Myrtle Beach Historic Places
[ Insider Tips ]

Travel Back in Time and Discover Myrtle Beach Historic Sites

The south is entrenched in history. Immerse yourself in the stories of yesterday by visiting Myrtle Beach, South Carolina. Here you’ll find multiple properties listed on the National Register of Historic Places. Make sure these Myrtle Beach historic sites are on your itinerary!

Myrtle Beach Atlantic Coast Line Railroad Station

By Pubdog (Own work) [Public domain], via Wikimedia Commons
Among the Myrtle Beach historic sites is a fascinating railroad station. The Myrtle Beach Atlantic Coast Line Railroad Station was built in 1937 and features architectural detailing reflecting Colonial Revival, Craftsman, and Mission stylistic influences along the exterior of the building. This station was a pivotal piece in the early growth of Myrtle Beach, transporting visitors back and forth between their destinations.

You can find the Myrtle Beach Atlantic Coast Line Railroad Station at the junction of Oak Street and Broadway between Jackson Street and 8th Avenue.

Myrtle Heights Oak Park Historic District

Myrtle Heights Oak Park
Myrtle Heights
Photo Credit: Wikimedia Commons

This district encompasses 89 buildings and one contributing site. The majority of these oceanside residences were built between approximately 1925 and 1945. Their architectural design reflects Colonial Revival influence. While traveling between 32nd Avenue North and 46th Avenue North to find these Myrtle Beach historic sites, also keep an eye out for structures with Classical Revival, Tudor Revival, and Bungalow/Craftsman architectural styles.

Ocean Forest Country Club

Ocean_Forest_Country_Club_01
Ocean Forest Country Club
Photo Credit: Wikimedia Commons

Also on the list of iconic Myrtle Beach historic sites is the Ocean Forest Country Club. Located at 5609 Woodside Drive, the club and hotel were both designed by Raymond Hood. Hood was an influential New York architect who used Classical Revival architectural stylings as his influence for this building.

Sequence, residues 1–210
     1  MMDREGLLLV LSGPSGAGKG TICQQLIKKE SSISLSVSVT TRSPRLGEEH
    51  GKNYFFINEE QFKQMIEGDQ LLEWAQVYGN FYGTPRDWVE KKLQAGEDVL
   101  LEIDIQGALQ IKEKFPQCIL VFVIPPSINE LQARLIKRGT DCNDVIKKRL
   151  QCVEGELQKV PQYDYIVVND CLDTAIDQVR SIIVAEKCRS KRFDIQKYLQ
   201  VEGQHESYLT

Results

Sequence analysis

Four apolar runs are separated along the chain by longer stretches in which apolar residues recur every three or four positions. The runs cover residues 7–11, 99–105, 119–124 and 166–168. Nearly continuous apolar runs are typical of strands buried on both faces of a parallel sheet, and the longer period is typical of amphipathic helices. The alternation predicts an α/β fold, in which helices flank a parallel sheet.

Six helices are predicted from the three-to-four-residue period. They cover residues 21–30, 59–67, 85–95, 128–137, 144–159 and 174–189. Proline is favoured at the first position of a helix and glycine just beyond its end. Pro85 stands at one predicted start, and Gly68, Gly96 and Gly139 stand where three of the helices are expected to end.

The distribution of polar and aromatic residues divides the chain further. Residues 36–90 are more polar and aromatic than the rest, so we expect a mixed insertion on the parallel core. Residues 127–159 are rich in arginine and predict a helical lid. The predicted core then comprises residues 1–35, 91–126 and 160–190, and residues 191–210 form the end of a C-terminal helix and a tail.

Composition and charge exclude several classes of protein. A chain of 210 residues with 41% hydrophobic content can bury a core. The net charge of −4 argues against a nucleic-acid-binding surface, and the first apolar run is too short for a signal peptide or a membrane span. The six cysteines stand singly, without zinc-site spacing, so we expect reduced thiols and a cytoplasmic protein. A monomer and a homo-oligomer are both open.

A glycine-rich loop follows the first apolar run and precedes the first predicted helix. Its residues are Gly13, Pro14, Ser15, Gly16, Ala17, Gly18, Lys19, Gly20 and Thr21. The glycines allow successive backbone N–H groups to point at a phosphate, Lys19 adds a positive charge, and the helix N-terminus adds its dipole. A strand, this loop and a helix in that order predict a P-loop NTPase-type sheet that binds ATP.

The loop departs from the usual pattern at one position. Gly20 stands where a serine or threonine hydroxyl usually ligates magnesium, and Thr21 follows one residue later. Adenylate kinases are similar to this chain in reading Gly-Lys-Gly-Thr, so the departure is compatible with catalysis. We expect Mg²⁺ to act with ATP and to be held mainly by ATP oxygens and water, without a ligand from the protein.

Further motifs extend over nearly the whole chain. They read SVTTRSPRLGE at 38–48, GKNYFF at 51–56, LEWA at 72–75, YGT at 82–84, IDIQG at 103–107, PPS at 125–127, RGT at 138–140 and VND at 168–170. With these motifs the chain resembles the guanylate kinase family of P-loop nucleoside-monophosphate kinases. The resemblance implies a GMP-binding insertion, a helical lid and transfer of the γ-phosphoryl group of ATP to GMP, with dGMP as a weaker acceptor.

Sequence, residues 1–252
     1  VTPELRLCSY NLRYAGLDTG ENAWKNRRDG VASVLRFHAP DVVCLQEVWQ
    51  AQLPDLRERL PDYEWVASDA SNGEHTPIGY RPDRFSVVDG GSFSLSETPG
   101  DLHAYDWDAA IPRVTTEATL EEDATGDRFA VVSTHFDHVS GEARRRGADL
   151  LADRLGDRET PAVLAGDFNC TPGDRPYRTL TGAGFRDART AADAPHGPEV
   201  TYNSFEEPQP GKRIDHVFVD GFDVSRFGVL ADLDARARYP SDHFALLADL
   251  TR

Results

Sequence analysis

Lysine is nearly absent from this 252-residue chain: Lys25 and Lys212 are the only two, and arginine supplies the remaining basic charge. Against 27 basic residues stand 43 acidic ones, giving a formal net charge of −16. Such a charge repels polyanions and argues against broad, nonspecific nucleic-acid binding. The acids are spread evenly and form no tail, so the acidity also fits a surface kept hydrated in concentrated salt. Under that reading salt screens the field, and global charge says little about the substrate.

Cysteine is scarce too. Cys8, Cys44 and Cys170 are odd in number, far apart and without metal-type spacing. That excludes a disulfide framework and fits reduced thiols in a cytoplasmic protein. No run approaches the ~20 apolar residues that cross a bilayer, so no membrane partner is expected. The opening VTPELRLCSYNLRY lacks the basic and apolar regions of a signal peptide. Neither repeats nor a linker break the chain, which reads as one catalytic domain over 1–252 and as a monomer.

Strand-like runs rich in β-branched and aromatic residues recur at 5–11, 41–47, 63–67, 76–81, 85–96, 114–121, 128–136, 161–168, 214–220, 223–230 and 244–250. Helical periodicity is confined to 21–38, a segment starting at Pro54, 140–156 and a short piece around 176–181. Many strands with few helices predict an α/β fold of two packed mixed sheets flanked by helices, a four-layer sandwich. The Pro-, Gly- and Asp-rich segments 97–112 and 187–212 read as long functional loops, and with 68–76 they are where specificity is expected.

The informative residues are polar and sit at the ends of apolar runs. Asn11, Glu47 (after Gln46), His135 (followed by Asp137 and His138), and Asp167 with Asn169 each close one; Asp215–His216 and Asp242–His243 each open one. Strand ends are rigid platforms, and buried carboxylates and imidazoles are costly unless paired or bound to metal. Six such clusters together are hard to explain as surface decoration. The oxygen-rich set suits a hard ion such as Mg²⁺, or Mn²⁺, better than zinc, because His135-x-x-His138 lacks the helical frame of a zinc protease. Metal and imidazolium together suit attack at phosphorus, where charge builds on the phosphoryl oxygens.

When exploring this historic site, notice that the original golf course is no longer intact but the oldest course dates back to 1946.

Pleasant Inn

By Elisa.rolle (Own work) [CC BY-SA 4.0 (http://creativecommons.org/licenses/by-sa/4.0)], via Wikimedia Commons
This historic boarding house was built in 1927 and is one of the few remaining examples of the two-story boarding/guest houses built before Hurricane Hazel hit in 1954. Did you know that the same family has owned this home located at 200 Broadway in Myrtle Beach since 1929? The house also goes by the name, the William F. Simmons House. From the late 1920s to the mid-1950s, the house stood as a prominent coastal community resort for Myrtle Beach visitors.

Rainbow Court

By Pubdog (Own work) [Public domain], via Wikimedia Commons
Rainbow Court is a historic Myrtle Beach hotel with multiple buildings built between 1935 and 1959. The hotel is one of the few remaining small-scale, low-rise motels from prior to the 1954 Hurricane Hazel. It’s one of the few Myrtle Beach historic sites to contain an outdoor pool! You can find the Rainbow Court hotel at 405 Flagg Street.

Which Myrtle Beach Historic Sites Will You Explore?

When planning your trip to see Myrtle Beach’s history, make sure you get the best hotel and attraction deals from Reserve Myrtle Beach.


Ashley is Reserve Direct’s travel expert, visiting Myrtle Beach to find the best travel tips, money-saving deals and insider information. With over 10 years of experience in first-hand-travel adventures, she shares her stories, advice, and current events to help you stay in the know.
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